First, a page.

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Solid waste degradation on a screen in a cold, oxygenated saline environment : applications for salmon farming Buryniuk, Mardell

Abstract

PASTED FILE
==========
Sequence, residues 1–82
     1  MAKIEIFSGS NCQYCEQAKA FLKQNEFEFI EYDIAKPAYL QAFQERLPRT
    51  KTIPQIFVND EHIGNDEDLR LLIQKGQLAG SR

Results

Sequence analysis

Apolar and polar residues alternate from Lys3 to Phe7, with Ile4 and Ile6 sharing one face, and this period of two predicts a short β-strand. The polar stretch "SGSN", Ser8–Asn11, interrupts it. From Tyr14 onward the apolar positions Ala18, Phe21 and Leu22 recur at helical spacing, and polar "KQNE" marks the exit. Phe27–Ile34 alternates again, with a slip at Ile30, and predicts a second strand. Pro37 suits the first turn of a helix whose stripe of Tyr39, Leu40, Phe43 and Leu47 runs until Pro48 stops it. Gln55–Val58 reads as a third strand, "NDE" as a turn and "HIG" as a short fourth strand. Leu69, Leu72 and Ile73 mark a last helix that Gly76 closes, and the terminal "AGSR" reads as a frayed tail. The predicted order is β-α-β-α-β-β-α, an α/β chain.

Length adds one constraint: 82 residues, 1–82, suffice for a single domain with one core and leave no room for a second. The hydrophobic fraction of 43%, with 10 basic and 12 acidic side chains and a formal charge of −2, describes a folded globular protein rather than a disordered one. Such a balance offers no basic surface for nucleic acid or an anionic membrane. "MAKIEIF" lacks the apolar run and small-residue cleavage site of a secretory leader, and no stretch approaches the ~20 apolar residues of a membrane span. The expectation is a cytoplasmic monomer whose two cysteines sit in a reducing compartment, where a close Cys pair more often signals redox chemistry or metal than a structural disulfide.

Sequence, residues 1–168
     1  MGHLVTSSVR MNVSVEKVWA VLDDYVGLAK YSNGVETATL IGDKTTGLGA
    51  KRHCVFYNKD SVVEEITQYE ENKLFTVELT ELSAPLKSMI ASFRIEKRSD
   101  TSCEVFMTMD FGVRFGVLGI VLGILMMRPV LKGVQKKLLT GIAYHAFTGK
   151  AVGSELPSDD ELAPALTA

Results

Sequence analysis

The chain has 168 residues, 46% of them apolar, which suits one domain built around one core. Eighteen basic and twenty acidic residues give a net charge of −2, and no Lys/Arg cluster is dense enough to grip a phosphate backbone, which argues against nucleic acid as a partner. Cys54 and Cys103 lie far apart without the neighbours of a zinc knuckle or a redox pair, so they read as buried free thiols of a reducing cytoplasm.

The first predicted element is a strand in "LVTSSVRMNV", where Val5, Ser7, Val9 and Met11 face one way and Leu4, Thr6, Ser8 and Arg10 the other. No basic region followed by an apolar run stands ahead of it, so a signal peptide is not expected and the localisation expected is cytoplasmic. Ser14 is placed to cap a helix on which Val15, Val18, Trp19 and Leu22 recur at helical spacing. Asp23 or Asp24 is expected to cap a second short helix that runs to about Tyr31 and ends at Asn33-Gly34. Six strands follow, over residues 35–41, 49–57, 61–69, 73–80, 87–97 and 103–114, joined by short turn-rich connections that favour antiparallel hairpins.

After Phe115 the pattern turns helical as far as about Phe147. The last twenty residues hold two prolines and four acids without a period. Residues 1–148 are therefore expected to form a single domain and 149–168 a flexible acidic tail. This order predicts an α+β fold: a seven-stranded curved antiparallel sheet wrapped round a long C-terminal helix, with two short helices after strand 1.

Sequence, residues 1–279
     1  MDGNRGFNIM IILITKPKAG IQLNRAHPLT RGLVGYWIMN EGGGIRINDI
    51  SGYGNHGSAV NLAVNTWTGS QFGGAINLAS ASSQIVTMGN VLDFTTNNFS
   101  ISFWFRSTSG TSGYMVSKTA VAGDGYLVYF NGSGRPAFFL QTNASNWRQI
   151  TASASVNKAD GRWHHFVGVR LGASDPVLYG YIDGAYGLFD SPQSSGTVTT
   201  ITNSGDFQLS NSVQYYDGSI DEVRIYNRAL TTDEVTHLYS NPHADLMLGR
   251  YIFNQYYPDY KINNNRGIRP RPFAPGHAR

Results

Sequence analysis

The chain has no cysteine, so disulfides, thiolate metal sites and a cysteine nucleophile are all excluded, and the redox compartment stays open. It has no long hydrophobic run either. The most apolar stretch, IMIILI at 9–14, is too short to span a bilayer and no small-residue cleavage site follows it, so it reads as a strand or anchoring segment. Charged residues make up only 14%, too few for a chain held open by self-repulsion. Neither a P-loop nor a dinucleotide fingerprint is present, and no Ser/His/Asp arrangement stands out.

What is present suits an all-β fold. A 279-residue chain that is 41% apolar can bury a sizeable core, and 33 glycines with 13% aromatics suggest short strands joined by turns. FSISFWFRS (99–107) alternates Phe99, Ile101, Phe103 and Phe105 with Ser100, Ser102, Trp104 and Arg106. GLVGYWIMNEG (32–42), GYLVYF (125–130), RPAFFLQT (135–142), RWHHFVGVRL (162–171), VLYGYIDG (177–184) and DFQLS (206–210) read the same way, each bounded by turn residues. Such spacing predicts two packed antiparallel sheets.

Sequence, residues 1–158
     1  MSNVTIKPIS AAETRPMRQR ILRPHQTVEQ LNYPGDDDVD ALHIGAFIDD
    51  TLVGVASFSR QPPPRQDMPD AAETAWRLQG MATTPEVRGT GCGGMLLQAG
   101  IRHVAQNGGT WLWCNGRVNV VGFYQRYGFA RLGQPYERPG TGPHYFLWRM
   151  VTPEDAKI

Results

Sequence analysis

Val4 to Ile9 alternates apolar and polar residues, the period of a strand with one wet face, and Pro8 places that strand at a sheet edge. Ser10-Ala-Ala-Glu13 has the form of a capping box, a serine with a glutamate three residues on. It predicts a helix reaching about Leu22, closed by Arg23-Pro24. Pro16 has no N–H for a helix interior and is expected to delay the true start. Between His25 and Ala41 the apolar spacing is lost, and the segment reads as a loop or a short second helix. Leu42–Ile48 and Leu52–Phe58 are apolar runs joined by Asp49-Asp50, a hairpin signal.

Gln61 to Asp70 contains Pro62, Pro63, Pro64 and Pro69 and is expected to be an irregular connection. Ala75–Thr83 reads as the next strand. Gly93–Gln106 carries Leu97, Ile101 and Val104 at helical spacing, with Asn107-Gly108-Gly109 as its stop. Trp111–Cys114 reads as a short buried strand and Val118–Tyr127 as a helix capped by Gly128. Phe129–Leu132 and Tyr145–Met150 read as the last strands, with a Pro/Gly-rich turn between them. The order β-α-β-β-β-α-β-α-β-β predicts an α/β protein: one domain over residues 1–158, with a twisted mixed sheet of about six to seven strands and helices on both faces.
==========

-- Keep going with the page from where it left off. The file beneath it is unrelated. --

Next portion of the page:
High accumulations of solid wastes generated by coastal fish farms may affect both the caged fish and the surrounding environment, and it is this concern, universal to fish farmers and environmentalists alike, that was the impetus for this study. A dynamic, deterministic simulation model was developed using a combination of empirical and mechanistic approaches to simulate the accumulation of solid waste on a screen-like device located beneath a fish farm. Solid waste was freshly collected and size-fractioned on fish farms, and transported back to the laboratory for experiments to determine the order and rate of the degradation equation. The solid waste was fragile and the larger particles easily broke down into smaller pieces. The mesh opening size required for 50% retention of the particles on a screen was approximately 8 mm. This result is required for further engineering of the screen-like device. The order of the degradation equation for the solid waste was 1.19, and the-associated rate constant was 0.0262. The major assumptions used to develop the model were that all solids produced by the fish farm would be trapped and would not include wasted feed, no erosion would occur, bacterial growth would not affect the mass on the screen, and the water temperature was a constant 8°C (the lowest water temperature at the site where the solid wastes used in the experiments were collected). Additionally it was assumed that the waste would fall in layers and mixing would not occur. These assumptions were built into the model in order to create a "worst case" scenario. It was assumed that biological degradation removed mass from the screens in the parameter estimation experiments and because the experiments were all done in oxygenated environments, it was assumed that the water surrounding the screen-like device below a fish cage would contain enough oxygen such that oxygen would not become a limiting factor in degradation. Accumulation reached 27 kg m⁻² (dry weight basis) after a 500-day production cycle under typical British Columbian coastal fish farm conditions. Assuming a harvest of all the fish on day 500, the waste would be 75 % (by mass) degraded in 78 days, 90 % degraded in 135 days, and the waste would be completely degraded within 275 days. The model was validated using waste outputs that represented approximately one week of solid waste output from near the end of the production cycle. Future work might be concentrated on the fate of the tiny particles passing through the screen-like device.

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